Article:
California Study Finds Air More Dangerous Than Drivers

Ozonepollutionsmog

Here’s why it pays to be concerned about the environment: Because a bad situation costs — namely lives and money.

A recent study by California State University, Fullerton, found that air pollution in the two most populated regions in the state killed more people than traffic accidents. In 2006, there were 2,521 vehicular deaths in the San Joaquin Valley and South Coast Air Basin, compared to 3,182 deaths cause by respiratory illness related to particle pollution.

Ozone emitted from gas-powered cars and particulate matter that chuffs out of diesel tailpipes has already been linked to all kinds of respiratory and coronary problems, including asthma and chronic bronchitis.

The health effects also extend to the economy in terms of health care expenses, lost days of work, school absences and lost income potential from unexpected deaths. It's difficult to put a dollar amount on how much California's severe air pollution actually costs, but the study estimates that simply bringing the air into compliance with federal ozone and particulate standards could save $28 billion annually.

Study: California Dirty Air Kills More Than Car Crashes (The Examiner via AutoblogGreen)

By Stephen Markley | November 17, 2008 | Comments (2)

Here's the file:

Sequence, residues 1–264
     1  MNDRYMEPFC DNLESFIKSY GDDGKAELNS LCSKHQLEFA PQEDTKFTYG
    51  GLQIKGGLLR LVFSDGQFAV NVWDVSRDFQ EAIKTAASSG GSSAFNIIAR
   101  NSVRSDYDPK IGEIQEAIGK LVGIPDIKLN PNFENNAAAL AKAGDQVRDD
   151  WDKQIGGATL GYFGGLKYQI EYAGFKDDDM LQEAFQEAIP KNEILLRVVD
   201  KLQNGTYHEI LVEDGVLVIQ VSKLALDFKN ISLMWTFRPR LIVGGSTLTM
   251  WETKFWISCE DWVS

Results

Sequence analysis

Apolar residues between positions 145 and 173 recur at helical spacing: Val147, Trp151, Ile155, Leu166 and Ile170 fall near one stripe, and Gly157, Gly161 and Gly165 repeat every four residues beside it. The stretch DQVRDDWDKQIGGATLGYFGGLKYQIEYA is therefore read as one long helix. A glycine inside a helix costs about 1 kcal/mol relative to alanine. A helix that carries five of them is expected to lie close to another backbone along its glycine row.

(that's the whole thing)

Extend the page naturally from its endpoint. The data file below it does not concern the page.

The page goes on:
Tags: In The News

Comments 

Hybrit

This mirrors the study in the UK that concluded that diesel cars killed 9,000 people in one year because of fine particulate pollution. Please, no comments about particulate filters. They don't work on the nano sized particles that do the most damage to the human lung.

Hybrit

This mirrors the study in the UK that found that diesel cars killed 9,000 people in one year from fine particulate pollution. Please, no comments about filters, they don't work on the nano-sized soot that does the most damage to the human lung.

Post a Comment 

Please remember a few rules before posting comments:

  • If you don't want people to see your email address, simply type in the URL of your favorite website or leave the field empty.
  • Do not mention specific car dealers by name. Feel free to mention your city, state and brand.
  • Try to be civil to your fellow blog readers. This blog is not a fan or enthusiast forum, it is meant to help people during the car-buying process and during the time between purchases, so shoppers can keep a pulse on the market.
  • Stay on topic. We want to hear your opinions and thoughts, but please only comment about the specified topic in the blog post.
view posting rules

If you have a TypeKey or TypePad account, please Sign In

Search Results

KickingTires Search Results for

Search Kicking Tires

KickingTires iPhone App
Ask.cars.com